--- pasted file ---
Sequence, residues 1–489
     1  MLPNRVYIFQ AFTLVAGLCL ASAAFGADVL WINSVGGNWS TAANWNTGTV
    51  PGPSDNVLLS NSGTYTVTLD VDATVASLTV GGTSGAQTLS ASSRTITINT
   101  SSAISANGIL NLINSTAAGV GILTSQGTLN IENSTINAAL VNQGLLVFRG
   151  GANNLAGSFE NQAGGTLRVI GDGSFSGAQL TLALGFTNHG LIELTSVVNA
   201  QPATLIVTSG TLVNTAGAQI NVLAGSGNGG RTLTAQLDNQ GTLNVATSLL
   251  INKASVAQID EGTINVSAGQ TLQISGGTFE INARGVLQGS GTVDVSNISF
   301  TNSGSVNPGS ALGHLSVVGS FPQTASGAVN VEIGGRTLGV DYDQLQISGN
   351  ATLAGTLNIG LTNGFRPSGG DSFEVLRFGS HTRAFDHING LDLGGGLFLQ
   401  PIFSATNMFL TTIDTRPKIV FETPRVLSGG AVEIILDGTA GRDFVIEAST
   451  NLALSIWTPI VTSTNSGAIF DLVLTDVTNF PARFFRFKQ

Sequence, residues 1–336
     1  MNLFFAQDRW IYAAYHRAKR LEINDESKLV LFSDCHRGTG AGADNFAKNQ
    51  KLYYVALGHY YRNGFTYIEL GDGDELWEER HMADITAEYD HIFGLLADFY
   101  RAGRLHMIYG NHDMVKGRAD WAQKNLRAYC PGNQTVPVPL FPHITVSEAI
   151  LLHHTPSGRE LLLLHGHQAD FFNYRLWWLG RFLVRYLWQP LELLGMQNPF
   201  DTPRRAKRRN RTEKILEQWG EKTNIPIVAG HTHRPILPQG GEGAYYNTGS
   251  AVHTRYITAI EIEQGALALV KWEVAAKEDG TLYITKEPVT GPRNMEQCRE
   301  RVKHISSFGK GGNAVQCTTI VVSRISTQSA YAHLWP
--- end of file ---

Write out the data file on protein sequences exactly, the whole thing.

Sequence, residues 1–489
     1  MLPNRVYIFQ AFTLVAGLCL ASAAFGADVL WINSVGGNWS TAANWNTGTV
    51  PGPSDNVLLS NSGTYTVTLD VDATVASLTV GGTSGAQTLS ASSRTITINT
   101  SSAISANGIL NLINSTAAGV GILTSQGTLN IENSTINAAL VNQGLLVFRG
   151  GANNLAGSFE NQAGGTLRVI GDGSFSGAQL TLALGFTNHG LIELTSVVNA
   201  QPATLIVTSG TLVNTAGAQI NVLAGSGNGG RTLTAQLDNQ GTLNVATSLL
   251  INKASVAQID EGTINVSAGQ TLQISGGTFE INARGVLQGS GTVDVSNISF
   301  TNSGSVNPGS ALGHLSVVGS FPQTASGAVN VEIGGRTLGV DYDQLQISGN
   351  ATLAGTLNIG LTNGFRPSGG DSFEVLRFGS HTRAFDHING LDLGGGLFLQ
   401  PIFSATNMFL TTIDTRPKIV FETPRVLSGG AVEIILDGTA GRDFVIEAST
   451  NLALSIWTPI VTSTNSGAIF DLVLTDVTNF PARFFRFKQ

Sequence, residues 1–336
     1  MNLFFAQDRW IYAAYHRAKR LEINDESKLV LFSDCHRGTG AGADNFAKNQ
    51  KLYYVALGHY YRNGFTYIEL GDGDELWEER HMADITAEYD HIFGLLADFY
   101  RAGRLHMIYG NHDMVKGRAD WAQKNLRAYC PGNQTVPVPL FPHITVSEAI
   151  LLHHTPSGRE LLLLHGHQAD FFNYRLWWLG RFLVRYLWQP LELLGMQNPF
   201  DTPRRAKRRN RTEKILEQWG EKTNIPIVAG HTHRPILPQG GEGAYYNTGS
   251  AVHTRYITAI EIEQGALALV KWEVAAKEDG TLYITKEPVT GPRNMEQCRE
   301  RVKHISSFGK GGNAVQCTTI VVSRISTQSA YAHLWP